Revell says that since our bodies only start to produce melatonin about two hours before our normal bedtime, there is no need to shun our devices just because it’s dark outside. That means if your normal bedtime is midnight, your body will not start producing melatonin before 10 p.m., so even if it’s winter and it’s dark by 5 p.m., there should be no adverse affects on your sleep patterns provided you stop using your devices two hours before going to bed.
To really benefit from this advice, try to limit your gadget use to an hour or less the closer you get to your bedtime, says Figueiro. “Using an iPad for less than one hour–in the evening, before bedtime–has no significant impact on melatonin production. In our study, melatonin suppression levels after one hour of exposure to the iPad were not statistically different than zero; however, this difference reached significance after two hours.”
If you do need to use your gadgets to respond to that email in bed, Figueiro says it’s marginally better reaching for your six-inch iPhone than your 10-inch iPad.
“What matters is the amount of light, especially short-wavelength (blue) light reaching the retina. A device that emits more blue light will be more effective at suppressing melatonin,” says Figueiro. “An iPad has the potential to impact us more than an iPhone because it is larger and typically emits more light.”
She also notes that the closer the device is used to the eye, the more light the eye will take in, so quickly checking a popup notification at arm’s length is better than bringing it close up to your face to read it.
Though the quality and resolution of a display matters when you’re shopping around for a device, the pixels per inch of your gadget won’t affect your melatonin production–but the display’s brightness will.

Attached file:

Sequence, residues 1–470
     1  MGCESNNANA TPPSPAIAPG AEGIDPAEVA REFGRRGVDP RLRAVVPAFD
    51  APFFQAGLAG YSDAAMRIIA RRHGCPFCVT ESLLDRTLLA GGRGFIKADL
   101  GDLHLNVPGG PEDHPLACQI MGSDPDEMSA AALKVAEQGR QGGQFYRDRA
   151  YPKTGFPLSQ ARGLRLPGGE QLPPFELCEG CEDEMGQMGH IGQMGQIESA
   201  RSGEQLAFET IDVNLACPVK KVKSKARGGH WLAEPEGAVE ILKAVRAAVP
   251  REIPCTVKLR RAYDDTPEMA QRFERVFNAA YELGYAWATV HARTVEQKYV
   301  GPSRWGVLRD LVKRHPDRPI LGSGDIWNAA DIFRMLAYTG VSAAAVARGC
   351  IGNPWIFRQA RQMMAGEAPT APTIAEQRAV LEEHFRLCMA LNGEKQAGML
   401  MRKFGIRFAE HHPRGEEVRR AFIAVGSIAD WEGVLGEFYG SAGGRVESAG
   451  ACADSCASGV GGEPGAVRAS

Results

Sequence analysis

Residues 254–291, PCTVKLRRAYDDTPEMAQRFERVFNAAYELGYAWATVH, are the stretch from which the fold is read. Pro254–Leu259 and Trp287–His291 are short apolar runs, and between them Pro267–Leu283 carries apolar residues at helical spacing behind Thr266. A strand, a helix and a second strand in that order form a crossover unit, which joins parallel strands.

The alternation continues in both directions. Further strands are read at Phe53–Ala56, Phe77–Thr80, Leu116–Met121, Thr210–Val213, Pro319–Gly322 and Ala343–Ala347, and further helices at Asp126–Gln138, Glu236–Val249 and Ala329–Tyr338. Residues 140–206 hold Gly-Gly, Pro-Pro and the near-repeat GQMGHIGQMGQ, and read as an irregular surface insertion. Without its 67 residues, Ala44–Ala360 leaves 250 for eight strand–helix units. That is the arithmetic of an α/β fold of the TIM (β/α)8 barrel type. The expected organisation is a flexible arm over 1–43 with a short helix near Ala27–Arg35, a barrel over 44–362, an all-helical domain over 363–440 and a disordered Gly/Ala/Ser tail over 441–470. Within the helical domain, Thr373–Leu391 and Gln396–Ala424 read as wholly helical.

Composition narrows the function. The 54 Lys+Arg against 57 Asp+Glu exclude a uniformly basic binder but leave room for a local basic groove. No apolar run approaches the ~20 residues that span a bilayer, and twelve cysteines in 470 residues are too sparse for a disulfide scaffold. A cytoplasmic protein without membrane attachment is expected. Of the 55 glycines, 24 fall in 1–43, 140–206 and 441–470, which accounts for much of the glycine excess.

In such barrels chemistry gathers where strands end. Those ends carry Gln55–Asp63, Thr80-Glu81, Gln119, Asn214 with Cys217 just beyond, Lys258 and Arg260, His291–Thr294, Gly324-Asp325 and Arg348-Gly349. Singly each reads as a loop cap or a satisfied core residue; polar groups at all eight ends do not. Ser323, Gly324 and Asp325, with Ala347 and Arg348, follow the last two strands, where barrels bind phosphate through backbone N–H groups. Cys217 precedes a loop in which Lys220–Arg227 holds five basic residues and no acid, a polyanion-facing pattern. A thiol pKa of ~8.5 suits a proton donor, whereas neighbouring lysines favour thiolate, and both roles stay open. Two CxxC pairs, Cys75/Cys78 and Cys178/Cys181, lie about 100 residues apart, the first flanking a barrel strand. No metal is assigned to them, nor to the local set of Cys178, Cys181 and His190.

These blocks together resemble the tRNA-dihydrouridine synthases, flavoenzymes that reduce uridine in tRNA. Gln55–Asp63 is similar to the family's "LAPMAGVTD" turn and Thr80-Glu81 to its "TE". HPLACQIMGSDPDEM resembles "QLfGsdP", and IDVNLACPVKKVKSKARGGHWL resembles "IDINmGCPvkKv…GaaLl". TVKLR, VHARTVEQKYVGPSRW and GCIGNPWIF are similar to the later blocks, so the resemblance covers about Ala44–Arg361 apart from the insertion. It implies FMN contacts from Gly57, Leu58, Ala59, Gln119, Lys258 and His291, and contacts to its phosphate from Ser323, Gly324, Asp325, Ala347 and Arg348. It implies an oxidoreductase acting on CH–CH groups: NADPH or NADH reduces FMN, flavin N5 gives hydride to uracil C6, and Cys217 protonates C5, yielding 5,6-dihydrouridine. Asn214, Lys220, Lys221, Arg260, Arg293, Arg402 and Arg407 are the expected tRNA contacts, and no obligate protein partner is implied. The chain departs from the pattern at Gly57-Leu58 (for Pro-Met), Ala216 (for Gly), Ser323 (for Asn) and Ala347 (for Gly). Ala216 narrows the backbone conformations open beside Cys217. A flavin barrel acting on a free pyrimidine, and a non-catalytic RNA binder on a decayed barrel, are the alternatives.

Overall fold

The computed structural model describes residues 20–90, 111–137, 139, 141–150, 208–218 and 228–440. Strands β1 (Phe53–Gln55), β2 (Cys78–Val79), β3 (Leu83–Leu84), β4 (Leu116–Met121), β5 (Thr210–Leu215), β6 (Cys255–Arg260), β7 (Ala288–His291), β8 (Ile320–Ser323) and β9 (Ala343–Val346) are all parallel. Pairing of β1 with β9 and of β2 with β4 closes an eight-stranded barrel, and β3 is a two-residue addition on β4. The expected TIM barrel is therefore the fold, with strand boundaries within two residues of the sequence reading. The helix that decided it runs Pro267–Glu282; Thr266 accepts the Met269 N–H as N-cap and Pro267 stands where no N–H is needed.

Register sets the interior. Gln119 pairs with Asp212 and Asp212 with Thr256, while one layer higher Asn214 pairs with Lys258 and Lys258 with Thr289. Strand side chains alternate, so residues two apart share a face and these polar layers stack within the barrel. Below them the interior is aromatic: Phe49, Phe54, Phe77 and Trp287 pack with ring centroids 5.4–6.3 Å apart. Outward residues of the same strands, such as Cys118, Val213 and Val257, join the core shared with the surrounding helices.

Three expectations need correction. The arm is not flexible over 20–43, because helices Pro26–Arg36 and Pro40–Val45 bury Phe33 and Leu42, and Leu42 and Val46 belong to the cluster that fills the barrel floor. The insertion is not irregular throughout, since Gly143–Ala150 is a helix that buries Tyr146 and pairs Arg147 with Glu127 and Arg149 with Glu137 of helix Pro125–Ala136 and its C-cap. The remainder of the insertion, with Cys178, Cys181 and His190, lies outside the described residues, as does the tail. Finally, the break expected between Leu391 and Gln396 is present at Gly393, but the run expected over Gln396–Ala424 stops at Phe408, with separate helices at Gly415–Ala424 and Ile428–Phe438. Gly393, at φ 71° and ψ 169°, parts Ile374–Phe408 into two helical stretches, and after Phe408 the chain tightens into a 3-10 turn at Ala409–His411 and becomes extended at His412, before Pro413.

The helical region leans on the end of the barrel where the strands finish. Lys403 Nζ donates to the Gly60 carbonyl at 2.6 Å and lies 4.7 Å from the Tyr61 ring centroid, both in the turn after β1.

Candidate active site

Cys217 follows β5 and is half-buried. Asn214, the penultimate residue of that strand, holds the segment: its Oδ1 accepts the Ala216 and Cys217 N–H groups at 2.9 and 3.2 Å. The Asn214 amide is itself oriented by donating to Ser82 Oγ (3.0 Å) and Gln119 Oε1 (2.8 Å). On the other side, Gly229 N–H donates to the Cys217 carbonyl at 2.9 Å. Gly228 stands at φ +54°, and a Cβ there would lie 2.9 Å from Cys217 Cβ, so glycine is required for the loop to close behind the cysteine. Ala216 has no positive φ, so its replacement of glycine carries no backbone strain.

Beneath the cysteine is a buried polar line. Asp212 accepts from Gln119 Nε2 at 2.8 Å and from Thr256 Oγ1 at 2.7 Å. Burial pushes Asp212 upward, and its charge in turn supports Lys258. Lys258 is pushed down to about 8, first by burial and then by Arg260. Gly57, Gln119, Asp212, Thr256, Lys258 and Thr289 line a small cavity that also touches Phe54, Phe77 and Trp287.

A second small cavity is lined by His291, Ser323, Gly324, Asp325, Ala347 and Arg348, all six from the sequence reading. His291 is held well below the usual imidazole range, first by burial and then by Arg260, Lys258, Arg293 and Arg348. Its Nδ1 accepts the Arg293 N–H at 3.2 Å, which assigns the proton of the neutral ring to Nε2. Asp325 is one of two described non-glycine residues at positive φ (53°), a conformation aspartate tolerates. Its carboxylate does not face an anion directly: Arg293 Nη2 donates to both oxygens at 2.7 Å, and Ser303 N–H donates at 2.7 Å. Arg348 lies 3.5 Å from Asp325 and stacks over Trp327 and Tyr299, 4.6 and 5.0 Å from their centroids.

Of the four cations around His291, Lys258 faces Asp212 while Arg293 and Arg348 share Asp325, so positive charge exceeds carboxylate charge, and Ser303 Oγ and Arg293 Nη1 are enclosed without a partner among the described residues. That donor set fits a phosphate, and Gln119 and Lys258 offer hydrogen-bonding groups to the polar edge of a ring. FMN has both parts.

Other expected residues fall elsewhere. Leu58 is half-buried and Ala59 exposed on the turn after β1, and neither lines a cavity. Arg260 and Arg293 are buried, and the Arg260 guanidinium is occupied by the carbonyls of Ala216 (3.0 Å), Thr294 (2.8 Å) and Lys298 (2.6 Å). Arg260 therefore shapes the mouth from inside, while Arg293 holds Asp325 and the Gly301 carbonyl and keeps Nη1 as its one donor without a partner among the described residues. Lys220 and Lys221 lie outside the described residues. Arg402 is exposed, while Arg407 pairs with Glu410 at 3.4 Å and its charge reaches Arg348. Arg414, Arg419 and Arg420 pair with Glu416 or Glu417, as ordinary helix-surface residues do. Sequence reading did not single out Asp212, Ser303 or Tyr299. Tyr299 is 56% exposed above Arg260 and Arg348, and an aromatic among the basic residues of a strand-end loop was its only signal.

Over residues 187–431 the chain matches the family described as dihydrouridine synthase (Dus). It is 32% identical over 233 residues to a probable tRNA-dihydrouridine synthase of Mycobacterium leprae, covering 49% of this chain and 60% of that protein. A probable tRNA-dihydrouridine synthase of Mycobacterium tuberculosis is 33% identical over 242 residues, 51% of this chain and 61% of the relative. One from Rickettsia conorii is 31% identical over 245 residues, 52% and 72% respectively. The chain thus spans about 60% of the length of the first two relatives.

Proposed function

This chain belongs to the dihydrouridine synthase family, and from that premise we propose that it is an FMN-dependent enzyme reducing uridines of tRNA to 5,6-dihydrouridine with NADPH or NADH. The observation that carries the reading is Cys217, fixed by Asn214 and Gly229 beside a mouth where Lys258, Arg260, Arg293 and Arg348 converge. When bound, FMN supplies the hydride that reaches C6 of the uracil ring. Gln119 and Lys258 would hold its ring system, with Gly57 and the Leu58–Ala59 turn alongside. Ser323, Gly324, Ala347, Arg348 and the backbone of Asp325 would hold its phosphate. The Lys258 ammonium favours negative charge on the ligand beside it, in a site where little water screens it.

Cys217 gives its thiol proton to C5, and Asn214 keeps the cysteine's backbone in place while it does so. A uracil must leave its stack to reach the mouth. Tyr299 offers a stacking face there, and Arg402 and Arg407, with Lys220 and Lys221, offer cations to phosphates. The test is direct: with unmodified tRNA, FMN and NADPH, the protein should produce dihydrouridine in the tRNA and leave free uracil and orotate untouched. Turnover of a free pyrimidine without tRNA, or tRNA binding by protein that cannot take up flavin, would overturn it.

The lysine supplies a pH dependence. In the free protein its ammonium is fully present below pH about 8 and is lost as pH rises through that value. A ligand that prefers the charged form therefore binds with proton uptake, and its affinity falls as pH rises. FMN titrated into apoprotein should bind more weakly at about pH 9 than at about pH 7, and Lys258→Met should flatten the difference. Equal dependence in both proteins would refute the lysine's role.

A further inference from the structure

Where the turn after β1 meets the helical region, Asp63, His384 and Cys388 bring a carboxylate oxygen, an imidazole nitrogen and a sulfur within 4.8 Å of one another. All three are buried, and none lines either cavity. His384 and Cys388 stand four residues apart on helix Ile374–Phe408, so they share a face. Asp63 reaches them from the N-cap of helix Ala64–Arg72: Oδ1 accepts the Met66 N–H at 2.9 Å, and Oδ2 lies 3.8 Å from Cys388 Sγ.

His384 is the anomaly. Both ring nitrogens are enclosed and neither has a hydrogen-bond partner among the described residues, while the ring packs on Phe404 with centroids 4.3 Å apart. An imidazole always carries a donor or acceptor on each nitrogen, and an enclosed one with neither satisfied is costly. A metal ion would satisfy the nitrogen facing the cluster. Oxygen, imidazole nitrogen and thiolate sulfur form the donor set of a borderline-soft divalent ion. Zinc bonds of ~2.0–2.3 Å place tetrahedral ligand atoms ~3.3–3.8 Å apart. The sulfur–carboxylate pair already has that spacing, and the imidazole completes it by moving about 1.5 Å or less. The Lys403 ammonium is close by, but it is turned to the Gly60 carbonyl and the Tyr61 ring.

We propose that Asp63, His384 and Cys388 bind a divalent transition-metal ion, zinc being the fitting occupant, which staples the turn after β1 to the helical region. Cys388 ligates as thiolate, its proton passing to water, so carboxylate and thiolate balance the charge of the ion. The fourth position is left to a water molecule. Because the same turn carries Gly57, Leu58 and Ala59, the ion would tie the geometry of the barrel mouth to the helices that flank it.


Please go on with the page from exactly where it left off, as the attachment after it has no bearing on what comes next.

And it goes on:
“It is the light being emitted by the device that is important, so the intensity, color, duration, and pattern of the light are all important parameters in determining the response observed, says Revell. “The brightness is important with brighter light having more of an impact, up to a certain level.”
The brighter a display is, the more light hits the back of our eye, leading to greater melatonin disruption. Turning the brightness down in bed can reduce the amount of blue light hitting your eye. And while you’re at it, don’t be afraid to engage your device’s “reading mode.”
“Some devices have ‘evening’ modes where the light is dimmer and composed of the longer wavelengths, which have less of an impact on our physiology and behavior,” says Revell.
Of course, you could always switch to a device without light emitting diodes. And when I say “device,” I mean a good old-fashioned paperback book. The very first Kindle also lacked any kind of backlighting. Yet Revell cautions this method isn’t foolproof.
“Exposing yourself to bright light immediately before bedtime will not help your sleep,” she says. “This could be with a device or using a bedside lamp or the clip-on light for the Kindle.”
That’s where the next bit of advice comes in.